A new TV drama series about the investigation into the murder of black teenager Stephen Lawrence has been accused of downplaying the role of the Daily Mail in bringing the killers to justice.
Actor Steve Coogan stars as the detective whose remorseless work was crucial to two men being convicted of murder.
The officer, Clive Driscoll, joined the murder investigation in 2006, 13 years after Stephen was killed by a gang of white men in a racist attack in Eltham, South London.
However, that was nine years after the Daily Mail launched a campaign to bring the 18-year-old’s killers to justice after a series of police blunders that led to the investigation stalling.
A new TV drama series starring Steve Coogan about the investigation into the murder of black teenager Stephen Lawrence has been accused of downplaying the role of the Daily Mail in bringing the killers to justice
Steve Coogan’s character, Clive Driscoll, joined the murder investigation in 2006, 13 years after Stephen (pictured) was killed by a gang of white men in a racist attack in Eltham, London
Yesterday, MP Julian Knight, chairman of the Commons digital, culture, media and sport select committee, spoke of his surprise that the series – called Stephen and due to air later this month – will not include plot lines or scenes that relate to the Mail’s Justice For Stephen Lawrence campaign.
He said the decision was ‘an extraordinary oversight’, adding: ‘It seems bizarre that a drama depicting the horrific events and pursuit of justice doesn’t take account of one of the most effective and worthy campaigns in Fleet Street history.’
Hat Trick Productions, which is owned by Line Of Duty creator Jed Mercurio and is behind the series, said it had chosen to concentrate on other aspects of the case, although, at the end of the first episode viewers will see the Mail’s 1997 front page which branded five suspects as ‘Murderers’.
None of the characters is based on journalists, such as the paper’s then Editor, Paul Dacre, who has said he was inspired to fight for justice after watching the ‘sickening and arrogant contempt of the suspects in refusing to answer any questions at the inquest’.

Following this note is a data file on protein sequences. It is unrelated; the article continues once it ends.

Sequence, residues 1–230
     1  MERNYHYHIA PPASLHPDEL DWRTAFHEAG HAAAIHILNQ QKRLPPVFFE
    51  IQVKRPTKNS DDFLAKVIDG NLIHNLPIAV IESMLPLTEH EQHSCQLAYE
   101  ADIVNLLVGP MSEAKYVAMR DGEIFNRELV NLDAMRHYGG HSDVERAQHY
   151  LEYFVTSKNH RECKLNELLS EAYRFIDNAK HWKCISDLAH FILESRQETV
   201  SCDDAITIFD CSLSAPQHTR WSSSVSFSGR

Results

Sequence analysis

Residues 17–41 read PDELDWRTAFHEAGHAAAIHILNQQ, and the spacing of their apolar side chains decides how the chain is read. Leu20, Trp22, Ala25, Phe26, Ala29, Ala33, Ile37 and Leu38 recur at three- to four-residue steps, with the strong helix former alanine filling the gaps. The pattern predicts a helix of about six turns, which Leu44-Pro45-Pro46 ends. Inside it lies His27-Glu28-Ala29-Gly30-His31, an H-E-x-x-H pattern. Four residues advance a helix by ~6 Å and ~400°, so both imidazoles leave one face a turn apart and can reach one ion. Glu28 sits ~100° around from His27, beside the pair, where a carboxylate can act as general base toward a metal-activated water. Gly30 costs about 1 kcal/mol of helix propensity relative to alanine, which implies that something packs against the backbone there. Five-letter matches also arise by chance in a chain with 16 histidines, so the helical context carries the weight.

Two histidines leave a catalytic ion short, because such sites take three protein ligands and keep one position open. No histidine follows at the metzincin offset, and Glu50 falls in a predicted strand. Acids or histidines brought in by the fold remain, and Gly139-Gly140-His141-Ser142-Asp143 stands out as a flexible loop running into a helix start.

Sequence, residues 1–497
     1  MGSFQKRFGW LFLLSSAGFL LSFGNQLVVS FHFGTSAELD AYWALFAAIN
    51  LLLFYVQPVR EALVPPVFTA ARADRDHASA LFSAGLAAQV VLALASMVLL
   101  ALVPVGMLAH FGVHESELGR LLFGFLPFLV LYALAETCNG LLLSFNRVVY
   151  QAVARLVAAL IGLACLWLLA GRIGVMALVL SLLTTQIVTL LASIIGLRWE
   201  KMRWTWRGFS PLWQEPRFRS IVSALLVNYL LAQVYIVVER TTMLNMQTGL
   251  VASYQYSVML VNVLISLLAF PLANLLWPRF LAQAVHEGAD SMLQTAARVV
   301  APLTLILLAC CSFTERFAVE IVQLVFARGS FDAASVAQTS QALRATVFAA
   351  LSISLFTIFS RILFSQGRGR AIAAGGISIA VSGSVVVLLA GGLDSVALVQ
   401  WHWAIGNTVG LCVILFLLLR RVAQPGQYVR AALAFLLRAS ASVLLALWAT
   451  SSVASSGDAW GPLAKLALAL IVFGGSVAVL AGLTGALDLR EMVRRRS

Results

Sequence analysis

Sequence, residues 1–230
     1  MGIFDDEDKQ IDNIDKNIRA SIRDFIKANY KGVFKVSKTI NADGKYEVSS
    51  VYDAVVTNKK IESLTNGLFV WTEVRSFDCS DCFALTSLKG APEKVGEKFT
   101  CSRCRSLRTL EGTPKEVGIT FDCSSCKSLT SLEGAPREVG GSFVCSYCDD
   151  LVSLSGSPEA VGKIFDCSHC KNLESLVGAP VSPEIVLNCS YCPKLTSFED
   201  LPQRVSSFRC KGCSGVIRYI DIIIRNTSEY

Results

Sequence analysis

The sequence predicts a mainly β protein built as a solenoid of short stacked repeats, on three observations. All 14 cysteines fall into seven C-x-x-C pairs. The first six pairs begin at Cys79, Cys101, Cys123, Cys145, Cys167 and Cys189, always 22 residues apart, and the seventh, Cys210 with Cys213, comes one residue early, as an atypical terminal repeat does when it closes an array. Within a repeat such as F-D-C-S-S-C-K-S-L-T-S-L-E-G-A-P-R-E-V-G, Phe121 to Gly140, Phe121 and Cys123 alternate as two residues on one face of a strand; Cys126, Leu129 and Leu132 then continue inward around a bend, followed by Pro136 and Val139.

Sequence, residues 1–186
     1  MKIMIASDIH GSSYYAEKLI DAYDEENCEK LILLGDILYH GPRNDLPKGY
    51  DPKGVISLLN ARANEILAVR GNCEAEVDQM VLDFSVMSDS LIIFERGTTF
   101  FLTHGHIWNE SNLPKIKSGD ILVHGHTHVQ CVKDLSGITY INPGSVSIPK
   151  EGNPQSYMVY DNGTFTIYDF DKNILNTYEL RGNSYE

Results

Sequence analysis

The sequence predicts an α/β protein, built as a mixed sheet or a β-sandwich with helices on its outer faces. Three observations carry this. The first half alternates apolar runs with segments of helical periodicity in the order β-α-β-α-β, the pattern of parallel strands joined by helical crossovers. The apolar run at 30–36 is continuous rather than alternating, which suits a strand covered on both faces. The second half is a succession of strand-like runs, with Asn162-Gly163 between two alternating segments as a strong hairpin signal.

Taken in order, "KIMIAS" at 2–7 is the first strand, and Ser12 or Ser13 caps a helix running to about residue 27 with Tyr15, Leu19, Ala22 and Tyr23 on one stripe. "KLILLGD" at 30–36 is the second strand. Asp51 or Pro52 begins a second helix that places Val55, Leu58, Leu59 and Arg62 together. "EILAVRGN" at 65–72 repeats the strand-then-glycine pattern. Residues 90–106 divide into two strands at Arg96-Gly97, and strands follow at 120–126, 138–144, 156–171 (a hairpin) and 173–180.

Yesterday, MP Julian Knight, chairman of the Commons digital, culture, media and sport select committee, spoke of his surprise that the series will not include plot lines or scenes that relate to the Mail’s Justice For Stephen Lawrence campaign
Coogan describes his character, DCI Clive Driscoll, now 70, as someone with ‘ordinary decency’ who proved that ‘doing the right thing sometimes makes sense’.
The actor has long been a critic of the Daily Mail and a supporter of anti-Press lobby group Hacked Off. Coogan, 55, has said: ‘If the Daily Mail went to the wall tomorrow, I’d be delighted. There are lots of other, better, newspapers – it’s worse than the tabloids.’
The ITV series will feature the brave fight of Stephen’s parents Doreen (now a peer) and Neville, played in the drama by Sharlene Whyte and Hugh Quarshie.
Doreen has said that until the Mail’s controversial front page: ‘Nobody – apart from those in their local neighbourhood – really knew what these boys looked like. Then the whole country knew.
‘If the Mail hadn’t been publicising what was happening around Stephen and getting it out there, a lot of people wouldn’t have known about the injustice around him as a young man.’
Following its 1997 Murderers front-page headline, the Mail ran numerous stories on the case, chronicling moves to reform double jeopardy laws to allow Stephen’s killers to stand trial a second time, the setting up of a public inquiry and the scandal of how bungling police officers escaped sanction.
The Daily Mail’s 1997 Stephen Lawrence front-page headline: ‘Murderers’, above pictures of the five main suspects with the words: ‘The Mail accuses these men of killing. If we are wrong, let them sue us’
After Labour Home Secretary Jack Straw ordered the judicial inquiry into the killing, the then Metropolitan Police Commissioner Sir Paul Condon apologised to the Lawrences, admitting failures in the investigation.
Then, in 2002, the Crown Prosecution Service said there was insufficient evidence to prosecute anyone.
But three years later the Government dropped the legal principle that prevented suspects being tried twice for the same crime and police announced they were investigating new forensic evidence in 2005.
Finally, in 2011, Gary Dobson and David Norris were put on trial at the Old Bailey and found guilty of murder. Dobson was jailed for a minimum of 15 years and Norris for 14 years.
Coogan, best known for his comic character Alan Partridge, said: ‘I don’t often play nice people, so it was a nice change to play someone with a simple, unannounced integrity.’